Following a pedestrian fatality involving one of Uber's self-driving vehicles in March of last year, the sector has faced increased scrutiny and calls for stricter safety. Curiously, that's made it more difficult in some ways for developers of self-driving vehicles to create safe platforms.
The big challenge comes down to testing: It's impossible to validate the safety and effectiveness of autonomous vehicle technology without putting vehicles through their paces over years of driving. But strict regulatory environments make it tricky for companies to test vehicles in ways that accurately reflect everything the real world might throw at a self-driving car.
One part of the answer is to simulate road conditions. Last year, NVIDIA introduced its Drive Constellation system, a simulator for autonomous vehicles. Now the company is teaming up with Israel-based simulation company Cognata to offer autonomous vehicle developers hyper-realistic traffic scenarios, potentially speeding up testing and validation within automated driving development. The solution is like a metaphorical pair of VR goggles for a self-driving car.
"Cognata and NVIDIA are creating a robust solution that will efficiently and safely accelerate autonomous vehicles' market entry," Cognata CEO Danny Atsmon says. "Highly accurate and scalable traffic model simulation technology is essential to validate autonomous vehicle systems within nearly infinite combinations of real-world scenarios."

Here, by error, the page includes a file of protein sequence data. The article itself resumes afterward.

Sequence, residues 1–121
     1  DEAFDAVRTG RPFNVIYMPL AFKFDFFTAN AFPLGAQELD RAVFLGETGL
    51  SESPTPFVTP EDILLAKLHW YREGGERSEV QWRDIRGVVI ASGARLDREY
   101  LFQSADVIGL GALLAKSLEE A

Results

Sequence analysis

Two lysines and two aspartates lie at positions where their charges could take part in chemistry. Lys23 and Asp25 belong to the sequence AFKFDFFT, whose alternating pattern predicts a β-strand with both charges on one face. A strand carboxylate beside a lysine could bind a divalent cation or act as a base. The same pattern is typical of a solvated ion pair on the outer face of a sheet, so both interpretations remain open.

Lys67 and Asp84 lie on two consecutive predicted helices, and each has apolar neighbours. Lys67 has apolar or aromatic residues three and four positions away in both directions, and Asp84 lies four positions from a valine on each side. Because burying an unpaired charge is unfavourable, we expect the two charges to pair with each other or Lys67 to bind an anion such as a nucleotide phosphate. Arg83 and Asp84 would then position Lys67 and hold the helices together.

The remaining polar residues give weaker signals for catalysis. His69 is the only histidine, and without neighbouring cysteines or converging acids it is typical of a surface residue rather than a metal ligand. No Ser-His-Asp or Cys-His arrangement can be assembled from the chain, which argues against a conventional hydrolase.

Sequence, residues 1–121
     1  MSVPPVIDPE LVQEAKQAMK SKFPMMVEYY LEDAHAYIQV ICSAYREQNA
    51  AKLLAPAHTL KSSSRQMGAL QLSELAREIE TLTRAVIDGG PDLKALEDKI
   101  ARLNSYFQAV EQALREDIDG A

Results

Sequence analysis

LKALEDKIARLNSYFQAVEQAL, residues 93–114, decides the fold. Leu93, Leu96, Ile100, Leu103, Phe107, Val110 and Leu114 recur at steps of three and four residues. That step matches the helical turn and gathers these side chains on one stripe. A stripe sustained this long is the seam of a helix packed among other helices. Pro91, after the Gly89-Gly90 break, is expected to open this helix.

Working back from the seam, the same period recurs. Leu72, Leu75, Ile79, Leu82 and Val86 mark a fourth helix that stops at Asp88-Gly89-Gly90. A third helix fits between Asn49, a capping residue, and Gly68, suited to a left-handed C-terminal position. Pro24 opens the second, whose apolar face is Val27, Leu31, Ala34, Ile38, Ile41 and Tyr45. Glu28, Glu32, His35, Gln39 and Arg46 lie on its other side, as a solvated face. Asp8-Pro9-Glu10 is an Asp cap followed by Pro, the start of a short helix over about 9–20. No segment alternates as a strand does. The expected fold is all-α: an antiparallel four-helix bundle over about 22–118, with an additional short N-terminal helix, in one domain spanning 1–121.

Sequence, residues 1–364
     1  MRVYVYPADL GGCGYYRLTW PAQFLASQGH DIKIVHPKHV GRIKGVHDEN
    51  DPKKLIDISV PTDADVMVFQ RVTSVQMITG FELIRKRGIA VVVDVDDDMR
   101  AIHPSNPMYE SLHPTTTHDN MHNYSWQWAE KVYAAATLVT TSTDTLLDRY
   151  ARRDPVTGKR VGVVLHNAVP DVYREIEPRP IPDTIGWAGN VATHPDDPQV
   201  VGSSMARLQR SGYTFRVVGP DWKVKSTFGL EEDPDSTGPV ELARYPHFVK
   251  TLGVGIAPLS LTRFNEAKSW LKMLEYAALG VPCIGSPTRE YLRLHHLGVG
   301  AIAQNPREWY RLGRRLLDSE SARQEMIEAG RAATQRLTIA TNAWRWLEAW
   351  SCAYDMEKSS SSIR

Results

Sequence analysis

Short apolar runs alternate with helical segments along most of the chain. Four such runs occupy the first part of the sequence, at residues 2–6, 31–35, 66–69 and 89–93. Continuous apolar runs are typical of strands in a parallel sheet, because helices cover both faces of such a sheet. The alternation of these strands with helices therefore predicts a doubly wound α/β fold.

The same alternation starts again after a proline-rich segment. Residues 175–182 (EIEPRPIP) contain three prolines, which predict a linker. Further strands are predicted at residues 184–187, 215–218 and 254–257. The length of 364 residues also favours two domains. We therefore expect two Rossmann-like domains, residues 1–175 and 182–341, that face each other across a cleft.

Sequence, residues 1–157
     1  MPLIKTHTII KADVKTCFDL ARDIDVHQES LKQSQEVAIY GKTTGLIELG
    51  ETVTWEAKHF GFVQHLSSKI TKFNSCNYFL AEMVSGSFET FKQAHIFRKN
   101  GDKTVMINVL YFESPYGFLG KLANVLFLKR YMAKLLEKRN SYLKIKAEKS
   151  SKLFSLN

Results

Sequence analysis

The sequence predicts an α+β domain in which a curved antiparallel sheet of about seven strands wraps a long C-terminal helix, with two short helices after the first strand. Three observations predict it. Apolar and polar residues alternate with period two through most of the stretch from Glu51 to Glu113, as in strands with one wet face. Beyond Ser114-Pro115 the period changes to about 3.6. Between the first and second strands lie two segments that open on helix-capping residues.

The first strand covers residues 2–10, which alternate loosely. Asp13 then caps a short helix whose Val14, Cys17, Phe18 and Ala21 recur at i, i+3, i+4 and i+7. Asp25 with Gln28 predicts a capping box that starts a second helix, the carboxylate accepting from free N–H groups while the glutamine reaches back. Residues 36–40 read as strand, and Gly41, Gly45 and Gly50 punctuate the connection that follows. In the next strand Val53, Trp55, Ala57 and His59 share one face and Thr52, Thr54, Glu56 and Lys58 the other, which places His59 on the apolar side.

NVIDIA's Drive Constellation system relies on the computing power of two different servers to generate millions of miles of roads covering a vast array of traffic conditions. The first server runs software to simulate a self-driving vehicle's sensors, while the second processes the simulated data as if it were actually driving on the road.
Cognata will provide AI-powered traffic agents based on real-world driver behavior to enable the creation of highly-realistic road scenarios.
"NVIDIA and Cognata share the vision of using large-scale, cloud-based, open simulation to thoroughly and safely train and test self-driving cars under endless challenging situations," said Zvi Greenstein, general manager at NVIDIA. "This offering will help accelerate the safe deployment of autonomous vehicles."
The upshot may be reduced testing time and cost, but safety is another potential beneift. By simplifying the process of creating advanced scenarios, the simulation gives developers a powerful tool to work out bugs in their autonomous vehicle sensing and computing platforms before putting human life at risk.
The system will be on display at GTC, a GPU technology conference in San Jose this week.